Scott Skiba is the Artistic Director of Cleveland Opera Theater, where he has directed critically acclaimed productions of Tosca, La Rondine, Gianni Schicchi, Suor Angelica, La Boheme, Il Tabarro, Pagliacci, Amahl and the Night Visitors, The Pirates of Penzance, H.M.S. Pinafore, Il Segreto di Susanna, and the Cleveland premiere of the new vampire opera Clarimonde. Mr. Skiba has led more than 50 new operatic productions and continues to garner attention and praise for his innovative stage direction and clear storytelling. In addition to his work with Cleveland Opera Theatre, Scott also serves as the Executive Director of the Oberlin in Italy opera program in Arezzo, Italy. He was also recently appointed as the new Director of Opera Studies at the Baldwin Wallace Conservatory of Music.
Jon Simsic made his debut with Opera Western Reserve by providing the first-act children's' chorus and playing the role of the Sacristan in "Tosca." He is Artistic Director of the Salem Youth Chorus and Organist/Choir Master at St. Joseph’s Church in Canton. Jon was the Artistic Director of Youth Music and Theater for the Salem Community Theater from 2005-2010. Jon’s conducting credits at YSU include productions of The Tender Land and The Mikado. Jon also served as a conductor for Valley Lyric Opera where he conducted performances of La Boheme, Il Trovatore, Cavalleria Rusticana, Rigoletto, and Faust. From 1991-2000, Jon was the Assistant Conductor and Chorus Master of the Youngstown Symphony. Jon is also a composer and his setting of the Magnificat and Nunc Dimittis for treble voices and organ will soon be released by Paraclete Press. Jon’s anthem Harvest Hymn for chorus and organ was the 2008 grand prize winner for the Royal School of Church Music (RSCM) Choral Competition. Harvest Hymn was premiered at Salisbury Cathedral in England.
ACT I, Scene 1
A company of soldiers lounge at a street corner outside their post in Seville. The officer on guard, Morales, tries to flirt with Micaela, a shy young country girl who has come to ask for the brigadier Don Jose, but the girl retreats. Followed by a squad of urchins, the relief guard marches in, among them Don Jose. The cigarette girls saunter back to their factory. Carmen, a gypsy, appears last and is surrounded by her admirers, to whom she sings of the fickleness of love. Piqued by the indifference of Don Jose, she throws a Rower in his face and then retires with her companions to the factory. Micaela returns to give Jose a message of affection from his mother. When she modestly withdraws, Jose vows to marry her as his mother has wished. Suddenly there is an uproar in the cigarette factory and the girls pour out, crying that Carmen has wounded a fellow-worker. Brought before Zunig-a, Don Jose's captain, the gypsy defiantly resists arrest. She induces Jose to loosen her bonds by promising him a rendezvous; as the soldiers lead her to prison she breaks away.
ACT I, Scene 2
In Lillas Pastia's tavern outside the walls of Seville, Carmen and her friends Frasquita and Mercedes describe the joys of gypsy life. The toreador Esca- millo arrives with a party and recounts his adventures in the bullring; he is soon enammored of Carmen. All leave except the gypsy, who are persuaded by the smugglers Remendado and Dancairo to join them on a mountain expedition. Don Jose hurries in, free at last from the guardhouse where he has been disciplined for letting Carmen escape. She dances for him, but when retreat sounds and Jose prepares to return to camp she is furious. He clings feebly to his military loyalties but protests his passion, showing her the flower she once threw him, which he has kept. Carmen insists that if he loved her he would follow her to the mountains. Jose refuses to desert, but when Zuniga enters and orders him back to the barracks he disobeys. The two men are about to fight when the gypsies rush in and disarm Zuniga, forcing Don Jose to throw in his lot with them.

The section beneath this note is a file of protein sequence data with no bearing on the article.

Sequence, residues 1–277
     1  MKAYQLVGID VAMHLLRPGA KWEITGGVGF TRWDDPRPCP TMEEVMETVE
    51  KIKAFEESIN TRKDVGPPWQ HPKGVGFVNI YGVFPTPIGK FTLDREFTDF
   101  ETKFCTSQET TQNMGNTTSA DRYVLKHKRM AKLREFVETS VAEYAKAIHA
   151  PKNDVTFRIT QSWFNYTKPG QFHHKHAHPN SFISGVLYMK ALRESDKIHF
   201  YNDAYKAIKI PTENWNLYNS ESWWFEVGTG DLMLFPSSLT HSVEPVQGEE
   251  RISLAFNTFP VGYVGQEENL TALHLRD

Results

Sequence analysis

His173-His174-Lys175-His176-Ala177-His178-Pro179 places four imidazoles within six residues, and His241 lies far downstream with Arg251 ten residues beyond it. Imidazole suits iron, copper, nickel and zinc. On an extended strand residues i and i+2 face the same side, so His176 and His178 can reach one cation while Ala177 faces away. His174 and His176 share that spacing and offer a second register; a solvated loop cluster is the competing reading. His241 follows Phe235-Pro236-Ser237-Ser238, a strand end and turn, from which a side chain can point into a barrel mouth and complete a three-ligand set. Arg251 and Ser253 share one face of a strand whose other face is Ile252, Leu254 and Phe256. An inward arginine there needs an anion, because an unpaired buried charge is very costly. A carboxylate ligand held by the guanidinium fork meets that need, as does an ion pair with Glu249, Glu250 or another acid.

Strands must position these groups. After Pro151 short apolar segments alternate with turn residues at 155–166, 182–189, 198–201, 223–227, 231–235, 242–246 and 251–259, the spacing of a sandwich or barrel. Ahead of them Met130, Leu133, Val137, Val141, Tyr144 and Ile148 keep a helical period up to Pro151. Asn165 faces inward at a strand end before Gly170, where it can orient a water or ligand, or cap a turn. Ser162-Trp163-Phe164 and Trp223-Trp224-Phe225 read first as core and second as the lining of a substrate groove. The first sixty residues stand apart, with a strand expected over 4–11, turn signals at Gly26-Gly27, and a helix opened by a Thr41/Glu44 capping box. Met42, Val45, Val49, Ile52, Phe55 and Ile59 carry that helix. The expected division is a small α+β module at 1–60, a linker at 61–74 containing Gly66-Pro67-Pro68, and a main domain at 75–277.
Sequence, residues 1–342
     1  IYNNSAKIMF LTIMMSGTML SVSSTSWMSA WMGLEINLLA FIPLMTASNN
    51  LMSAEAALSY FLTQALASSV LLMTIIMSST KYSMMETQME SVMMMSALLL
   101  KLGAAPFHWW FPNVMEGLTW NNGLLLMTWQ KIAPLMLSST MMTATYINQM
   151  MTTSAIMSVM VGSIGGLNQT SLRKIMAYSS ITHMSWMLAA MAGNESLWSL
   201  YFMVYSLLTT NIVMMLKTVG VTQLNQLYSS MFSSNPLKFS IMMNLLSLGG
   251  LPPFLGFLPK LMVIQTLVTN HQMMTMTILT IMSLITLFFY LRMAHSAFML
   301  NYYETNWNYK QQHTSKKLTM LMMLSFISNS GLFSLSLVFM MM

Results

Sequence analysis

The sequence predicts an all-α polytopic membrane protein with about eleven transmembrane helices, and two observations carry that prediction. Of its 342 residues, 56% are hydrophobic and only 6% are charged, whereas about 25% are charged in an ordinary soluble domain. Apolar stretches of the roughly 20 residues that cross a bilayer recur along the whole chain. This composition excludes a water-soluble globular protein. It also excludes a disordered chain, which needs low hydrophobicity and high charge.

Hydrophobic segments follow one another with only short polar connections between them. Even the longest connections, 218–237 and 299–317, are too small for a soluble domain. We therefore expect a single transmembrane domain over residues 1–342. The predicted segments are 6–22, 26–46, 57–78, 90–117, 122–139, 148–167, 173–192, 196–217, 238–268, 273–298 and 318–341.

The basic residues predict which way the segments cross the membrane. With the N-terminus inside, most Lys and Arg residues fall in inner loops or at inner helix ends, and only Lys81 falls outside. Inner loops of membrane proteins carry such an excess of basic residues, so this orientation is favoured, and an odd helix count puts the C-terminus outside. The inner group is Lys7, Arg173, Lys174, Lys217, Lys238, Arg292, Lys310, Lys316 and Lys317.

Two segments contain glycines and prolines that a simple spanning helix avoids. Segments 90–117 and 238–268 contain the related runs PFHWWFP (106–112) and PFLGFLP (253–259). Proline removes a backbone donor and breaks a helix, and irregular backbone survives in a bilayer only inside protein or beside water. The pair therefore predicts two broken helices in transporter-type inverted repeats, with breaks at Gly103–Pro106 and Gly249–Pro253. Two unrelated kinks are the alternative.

ACT II, Scene 1
The smugglers and gypsies pause in a mountain pass. Despite his shame Jose still adores Carmen, but she is tiring of him. Frasquita and Mercedes read their fortunes in the cards; when Carmen deals the pack she finds only death. As the smugglers carry their stolen goods away, the terrified Micaela approaches in search of Don Jose. She hides as Escamillo arrives, looking for Carmen. He and the jealous brigaadier speedily come to blows, but their duel is stopped by Carmen herself. The toreador leaves after issuing an invitation-to the bullfights in Seville, and the others are about to resume their march when Micaela is discovered. Jose agrees to go with her when she reveals that his mother is dying, but warns Carmen they will meet again.
ACT II, Scene 2
In a square back in Seville, the Sunday crowd gathers for the bullfight. Esca- millo arrives with Carmen and, certain of her affection, goes off to the contest. Carmen bravely meets Don Jose, who is lurking nearby. Though wretched and dishonored, he pleads with her to return to him, but her heart is elsewhere. When Escamillo's triumph echoes from the arena, Carmen rushes toward the entrance with a cry of delight. Maddened, Don Jose plunges his knife into her breast.